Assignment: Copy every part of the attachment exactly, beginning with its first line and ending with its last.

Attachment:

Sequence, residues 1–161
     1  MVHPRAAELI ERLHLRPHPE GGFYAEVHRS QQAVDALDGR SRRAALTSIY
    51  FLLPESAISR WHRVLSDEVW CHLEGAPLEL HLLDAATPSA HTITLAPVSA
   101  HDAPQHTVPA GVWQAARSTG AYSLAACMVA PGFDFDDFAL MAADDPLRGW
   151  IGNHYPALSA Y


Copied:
Sequence, residues 1–161
     1  MVHPRAAELI ERLHLRPHPE GGFYAEVHRS QQAVDALDGR SRRAALTSIY
    51  FLLPESAISR WHRVLSDEVW CHLEGAPLEL HLLDAATPSA HTITLAPVSA
   101  HDAPQHTVPA GVWQAARSTG AYSLAACMVA PGFDFDDFAL MAADDPLRGW
   151  IGNHYPALSA Y